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Lessons from the Tank

I suppose it’s a guilty pleasure, but Shark Tank is a great entrepreneur/business television show that teaches lots of lessons. My wife and I enjoy watching together; we pause the DVR at key moments to critique the entrepreneurs, speculate what the Sharks will do, and try to predict how it will end. Aside from its abundant entertainment value, there is a lot to learn from this show; here are my personal insights:

Know the Economics. Many guests have lost credibility and missed landing a deal by fumbling through questions about customer acquisition costs, pricing rationale, manufacturing costs, defensibility, and several other related topics. Knowing your numbers inside and out demonstrates more subtle qualities like preparation, self-confidence, commitment, and attention to detail, which increase investor confidence.

Valuation. Getting the valuation right is key. Since there is typically no one clear right answer, guests who seemed most reasonable on valuation tended to get deals. A reasonable valuation sends the message that you are willing to share the risk and reward with your partners; that you are fair and recognize the value that others bring to the table for future anticipated growth. In this case, I see this as the essence of integrity and trust; being fair and honest generally wins over attempting to win at the expense of others.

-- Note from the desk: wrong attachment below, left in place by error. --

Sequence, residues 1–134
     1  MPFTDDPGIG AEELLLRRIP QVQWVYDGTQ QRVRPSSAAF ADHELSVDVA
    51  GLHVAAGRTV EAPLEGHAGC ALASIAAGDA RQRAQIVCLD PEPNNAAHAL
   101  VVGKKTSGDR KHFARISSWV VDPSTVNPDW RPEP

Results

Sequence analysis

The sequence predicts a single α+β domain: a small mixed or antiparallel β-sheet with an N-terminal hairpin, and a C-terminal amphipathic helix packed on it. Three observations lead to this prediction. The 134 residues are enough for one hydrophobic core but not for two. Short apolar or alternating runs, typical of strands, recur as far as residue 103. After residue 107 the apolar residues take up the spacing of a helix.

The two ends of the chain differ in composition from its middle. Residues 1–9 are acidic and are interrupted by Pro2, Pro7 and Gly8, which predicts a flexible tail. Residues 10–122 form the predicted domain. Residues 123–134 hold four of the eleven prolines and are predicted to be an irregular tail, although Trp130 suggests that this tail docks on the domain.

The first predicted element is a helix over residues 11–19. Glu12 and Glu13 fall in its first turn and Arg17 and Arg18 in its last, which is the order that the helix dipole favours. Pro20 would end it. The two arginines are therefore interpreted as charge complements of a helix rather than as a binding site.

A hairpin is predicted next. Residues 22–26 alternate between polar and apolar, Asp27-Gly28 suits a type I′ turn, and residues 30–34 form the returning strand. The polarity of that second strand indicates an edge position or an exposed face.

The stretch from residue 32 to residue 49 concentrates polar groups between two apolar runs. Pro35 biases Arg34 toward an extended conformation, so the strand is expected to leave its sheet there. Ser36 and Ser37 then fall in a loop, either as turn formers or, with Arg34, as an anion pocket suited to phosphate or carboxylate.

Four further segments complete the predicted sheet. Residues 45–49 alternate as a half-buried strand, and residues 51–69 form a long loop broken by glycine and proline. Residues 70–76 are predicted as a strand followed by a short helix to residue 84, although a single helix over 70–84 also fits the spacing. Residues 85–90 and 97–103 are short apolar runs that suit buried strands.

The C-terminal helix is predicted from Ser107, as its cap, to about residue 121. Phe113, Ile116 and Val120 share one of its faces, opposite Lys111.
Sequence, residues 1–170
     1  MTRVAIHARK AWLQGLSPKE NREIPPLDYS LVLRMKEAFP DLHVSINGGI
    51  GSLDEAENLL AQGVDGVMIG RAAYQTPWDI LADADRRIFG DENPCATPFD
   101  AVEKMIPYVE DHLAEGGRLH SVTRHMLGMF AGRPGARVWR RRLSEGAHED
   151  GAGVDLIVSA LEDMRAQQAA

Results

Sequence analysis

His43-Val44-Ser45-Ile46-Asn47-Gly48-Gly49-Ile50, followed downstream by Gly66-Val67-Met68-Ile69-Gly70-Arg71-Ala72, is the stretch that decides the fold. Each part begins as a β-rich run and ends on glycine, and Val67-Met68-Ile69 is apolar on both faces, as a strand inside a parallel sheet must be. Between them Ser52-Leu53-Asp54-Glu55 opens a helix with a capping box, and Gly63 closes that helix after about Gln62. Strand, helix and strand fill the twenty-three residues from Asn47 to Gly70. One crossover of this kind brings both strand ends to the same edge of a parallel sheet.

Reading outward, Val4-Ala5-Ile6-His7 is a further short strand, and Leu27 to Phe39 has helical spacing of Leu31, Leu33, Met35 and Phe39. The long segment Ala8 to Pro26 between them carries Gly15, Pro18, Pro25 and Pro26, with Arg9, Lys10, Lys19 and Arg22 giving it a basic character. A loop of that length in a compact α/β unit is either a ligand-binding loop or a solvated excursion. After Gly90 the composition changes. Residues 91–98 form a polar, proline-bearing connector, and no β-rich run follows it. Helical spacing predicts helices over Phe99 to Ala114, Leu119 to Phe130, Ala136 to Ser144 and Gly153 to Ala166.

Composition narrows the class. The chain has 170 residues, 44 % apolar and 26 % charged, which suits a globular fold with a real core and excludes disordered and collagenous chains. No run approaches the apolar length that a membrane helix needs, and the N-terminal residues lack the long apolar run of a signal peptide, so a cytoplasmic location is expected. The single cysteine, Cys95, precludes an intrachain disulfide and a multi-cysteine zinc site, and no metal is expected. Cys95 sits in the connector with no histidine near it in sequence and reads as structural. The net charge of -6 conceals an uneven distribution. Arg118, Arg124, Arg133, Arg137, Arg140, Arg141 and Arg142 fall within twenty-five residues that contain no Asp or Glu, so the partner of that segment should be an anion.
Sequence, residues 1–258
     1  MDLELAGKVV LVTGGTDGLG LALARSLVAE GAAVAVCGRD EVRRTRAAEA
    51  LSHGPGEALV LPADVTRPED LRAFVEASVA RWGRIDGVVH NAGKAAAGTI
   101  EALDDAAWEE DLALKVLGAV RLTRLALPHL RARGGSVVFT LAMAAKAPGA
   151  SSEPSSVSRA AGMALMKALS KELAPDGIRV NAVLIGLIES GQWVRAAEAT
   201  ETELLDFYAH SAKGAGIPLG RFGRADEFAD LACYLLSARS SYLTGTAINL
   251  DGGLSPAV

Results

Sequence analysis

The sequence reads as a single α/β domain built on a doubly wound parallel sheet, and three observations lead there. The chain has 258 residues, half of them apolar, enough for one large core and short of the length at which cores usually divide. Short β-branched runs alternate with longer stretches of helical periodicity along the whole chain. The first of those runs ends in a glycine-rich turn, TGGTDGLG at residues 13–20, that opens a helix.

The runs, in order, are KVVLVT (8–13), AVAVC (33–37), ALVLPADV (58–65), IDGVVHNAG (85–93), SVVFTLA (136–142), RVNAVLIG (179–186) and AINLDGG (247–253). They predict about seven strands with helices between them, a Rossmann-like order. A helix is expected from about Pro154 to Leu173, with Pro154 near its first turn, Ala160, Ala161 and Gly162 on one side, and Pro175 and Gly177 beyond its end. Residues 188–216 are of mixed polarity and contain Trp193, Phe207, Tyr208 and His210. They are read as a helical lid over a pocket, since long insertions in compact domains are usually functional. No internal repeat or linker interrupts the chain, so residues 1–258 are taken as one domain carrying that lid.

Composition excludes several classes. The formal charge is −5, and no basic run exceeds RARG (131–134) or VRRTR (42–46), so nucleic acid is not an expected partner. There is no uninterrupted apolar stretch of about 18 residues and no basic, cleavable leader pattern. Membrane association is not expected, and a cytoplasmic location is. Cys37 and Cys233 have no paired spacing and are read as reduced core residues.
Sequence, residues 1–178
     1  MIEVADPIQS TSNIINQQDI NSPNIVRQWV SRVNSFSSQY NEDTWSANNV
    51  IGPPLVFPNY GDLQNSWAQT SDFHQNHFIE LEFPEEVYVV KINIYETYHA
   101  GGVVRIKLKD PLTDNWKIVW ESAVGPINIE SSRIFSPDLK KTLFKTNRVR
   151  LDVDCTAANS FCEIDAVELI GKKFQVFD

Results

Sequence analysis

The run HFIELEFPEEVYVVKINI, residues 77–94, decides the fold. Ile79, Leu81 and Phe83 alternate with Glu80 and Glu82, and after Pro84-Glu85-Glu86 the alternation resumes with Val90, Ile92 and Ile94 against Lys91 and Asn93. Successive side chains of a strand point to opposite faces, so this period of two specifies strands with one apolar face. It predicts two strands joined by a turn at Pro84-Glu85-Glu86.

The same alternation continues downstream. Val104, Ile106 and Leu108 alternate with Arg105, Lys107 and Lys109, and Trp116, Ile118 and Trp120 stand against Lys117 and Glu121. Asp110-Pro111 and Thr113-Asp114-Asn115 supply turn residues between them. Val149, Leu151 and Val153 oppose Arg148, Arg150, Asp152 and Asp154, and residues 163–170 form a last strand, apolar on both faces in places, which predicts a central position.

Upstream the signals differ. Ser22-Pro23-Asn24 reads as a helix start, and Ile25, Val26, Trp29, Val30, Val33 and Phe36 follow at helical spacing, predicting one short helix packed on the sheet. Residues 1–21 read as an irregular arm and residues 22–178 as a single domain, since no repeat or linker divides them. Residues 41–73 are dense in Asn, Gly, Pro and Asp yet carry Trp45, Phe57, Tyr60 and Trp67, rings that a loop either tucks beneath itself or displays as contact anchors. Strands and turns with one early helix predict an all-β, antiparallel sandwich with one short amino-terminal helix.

Sales, Growth, & Scale. These could probably be broken out, but the investors’ first question is typically about sales; naturally they are looking for an upward trend and a solid story that suggests greater potential, along with a plan to scale that improves margins over time. Additionally, the ability of the entrepreneurs to sell in real time was very important to deals getting done. Interestingly, there seemed to be many different selling styles, and demonstrating this skill gave investors more confidence in making the bet.

These are my three key lessons, but underlying them and woven into the products and business models was their personal and leadership qualities. These often seemed as important as the products themselves; many times the sharks said, “I’m not sure about this product but I really like you and I’m betting on you.”

In my work as a consultant, I’m always looking for ways to help clients build high-performing organizations. This is a great show that can be leveraged in a variety of ways (e.g., simulated situations to develop the key skills needed to drive innovation or performance). Building off of my previous post (Are Competency Models Dead?), what happens in real time on this show is a good example of how to weave leadership qualities with the actual work of the business.

I have tremendous respect for the entrepreneurs who take personal and financial risks to pursue a dream or a desire to build a company; watching the guests put it on the line is inspiring and highly educational. If you haven’t seen this show, check it out. If you have, what are your Shark Tank insights?

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